According to still further features in the described preferred embodiments the instrument is adapted for use in minimally invasive surgery.
According to still further features in the described preferred embodiments the instrument is adapted for use through a surgical instrument selected from the group consisting of an endoscope, a laparoscope, and a bronchoscope.
According to still further features in the described preferred embodiments the instrument is adapted for use for grasping a foreign body.
According to still further features in the described preferred embodiments the method further includes at least one additional step, the additional step chosen from the group consisting of: moving the tissue, manipulating the tissue, releasing the tissue, and applying a surgical lubricant to the instrument.
The present invention successfully addresses the shortcomings of the presently known configurations by providing a surgical grasping instrument, in particular for use by a surgeon in minimally invasive surgery, for grasping and manipulating the tissues and organs of a surgical patient, that avoids crush injury of the tissues, is comfortable to operate, and does not aspirate fluids or insufflating gas from the operative area. Such an instrument allows shorter operative time, requires fewer surgical assistants, and is capable of further reducing the operative complications and allowing faster recovery time. Use of the surgical grasper instrument of the present invention permits performance of more complex surgical procedures on tissues such as liver, ovary and fallopian tubes, or kidney and permits surgery in heretofore difficult circumstances, often in crowded fields with delicate tissue such as in neonatal and pediatric surgery.
The invention is herein described, by way of example only, with reference to the accompanying drawings. With specific reference now to the drawings in detail, it is stressed that the particulars shown are by way of example and for purposes of illustrative discussion of the preferred embodiments of the present invention only, and are presented in the cause of providing what is believed to be the most useful and readily understood description of the principles and conceptual aspects of the invention. In this regard, no attempt is made to show structural details of the invention in more detail than is necessary for a fundamental understanding of the invention, the description taken with the drawings making apparent to those skilled in the art how the several forms of the invention may be embodied in practice.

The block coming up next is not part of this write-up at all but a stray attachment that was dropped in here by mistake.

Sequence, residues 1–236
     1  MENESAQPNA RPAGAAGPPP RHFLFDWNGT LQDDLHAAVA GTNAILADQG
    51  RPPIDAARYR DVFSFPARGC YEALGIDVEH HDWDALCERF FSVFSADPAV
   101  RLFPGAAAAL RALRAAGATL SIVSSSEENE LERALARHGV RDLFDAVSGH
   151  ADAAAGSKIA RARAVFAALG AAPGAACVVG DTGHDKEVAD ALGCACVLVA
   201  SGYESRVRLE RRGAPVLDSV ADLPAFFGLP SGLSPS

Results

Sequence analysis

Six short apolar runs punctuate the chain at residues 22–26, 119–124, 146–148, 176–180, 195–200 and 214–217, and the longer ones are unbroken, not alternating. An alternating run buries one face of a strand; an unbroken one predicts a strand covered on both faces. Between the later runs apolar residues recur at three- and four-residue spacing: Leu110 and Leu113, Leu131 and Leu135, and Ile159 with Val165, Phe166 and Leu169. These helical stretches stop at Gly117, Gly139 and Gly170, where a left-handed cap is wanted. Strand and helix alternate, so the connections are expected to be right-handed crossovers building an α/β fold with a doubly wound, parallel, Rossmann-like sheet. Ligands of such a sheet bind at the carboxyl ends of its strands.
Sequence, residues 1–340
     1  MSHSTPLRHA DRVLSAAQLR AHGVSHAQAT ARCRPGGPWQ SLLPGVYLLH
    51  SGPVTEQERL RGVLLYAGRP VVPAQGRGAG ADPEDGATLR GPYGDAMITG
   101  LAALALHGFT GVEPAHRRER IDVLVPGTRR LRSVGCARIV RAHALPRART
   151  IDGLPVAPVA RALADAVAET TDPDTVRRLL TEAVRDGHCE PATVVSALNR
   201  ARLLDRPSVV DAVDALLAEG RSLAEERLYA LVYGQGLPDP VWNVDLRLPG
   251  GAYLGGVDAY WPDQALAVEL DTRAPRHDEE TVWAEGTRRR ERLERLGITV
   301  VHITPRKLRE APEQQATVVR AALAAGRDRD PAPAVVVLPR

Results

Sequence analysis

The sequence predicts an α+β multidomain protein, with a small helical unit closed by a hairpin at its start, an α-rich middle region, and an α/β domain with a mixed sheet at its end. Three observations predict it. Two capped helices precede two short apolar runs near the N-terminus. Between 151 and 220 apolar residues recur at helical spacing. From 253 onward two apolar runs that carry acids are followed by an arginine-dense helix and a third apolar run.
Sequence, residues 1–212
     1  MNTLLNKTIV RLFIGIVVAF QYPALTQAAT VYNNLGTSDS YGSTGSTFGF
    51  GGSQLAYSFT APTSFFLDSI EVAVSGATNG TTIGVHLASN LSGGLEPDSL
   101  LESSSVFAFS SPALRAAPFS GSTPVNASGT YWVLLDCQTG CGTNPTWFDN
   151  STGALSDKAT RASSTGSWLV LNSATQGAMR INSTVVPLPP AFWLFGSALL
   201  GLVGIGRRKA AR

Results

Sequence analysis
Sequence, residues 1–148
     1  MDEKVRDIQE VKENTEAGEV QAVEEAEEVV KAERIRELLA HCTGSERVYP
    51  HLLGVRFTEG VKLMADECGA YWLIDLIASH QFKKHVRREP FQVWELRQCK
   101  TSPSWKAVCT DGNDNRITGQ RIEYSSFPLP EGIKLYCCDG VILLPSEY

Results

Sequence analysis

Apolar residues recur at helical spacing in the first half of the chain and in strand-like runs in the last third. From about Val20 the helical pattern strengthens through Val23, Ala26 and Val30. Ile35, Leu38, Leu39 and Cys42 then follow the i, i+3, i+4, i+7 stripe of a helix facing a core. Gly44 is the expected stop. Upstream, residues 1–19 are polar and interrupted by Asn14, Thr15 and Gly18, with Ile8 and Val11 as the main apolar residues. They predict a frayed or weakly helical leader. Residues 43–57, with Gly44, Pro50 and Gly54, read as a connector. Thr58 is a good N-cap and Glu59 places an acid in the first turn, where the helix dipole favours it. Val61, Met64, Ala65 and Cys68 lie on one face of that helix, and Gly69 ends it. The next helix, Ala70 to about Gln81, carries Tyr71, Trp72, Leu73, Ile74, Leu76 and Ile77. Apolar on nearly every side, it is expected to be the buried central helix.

In the drawings:
FIG. 1A is a side view of a preferred embodiment of a surgical instrument of the present invention;
FIG. 1B is an end view of the distal end of a preferred embodiment of a surgical instrument of the present invention;
FIG. 1C is a side view of the distal end of an alternate preferred embodiment of a surgical instrument of the present invention;
FIG. 1D is an end view of the distal end of an alternate preferred embodiment of a surgical instrument of the present invention;
FIG. 2A is a perspective view of a preferred embodiment of a surgical instrument of the present invention;
FIG. 2B is a side view of the embodiment of FIG. 2A;
FIG. 2C is a distal end view of the embodiment of FIG. 2A;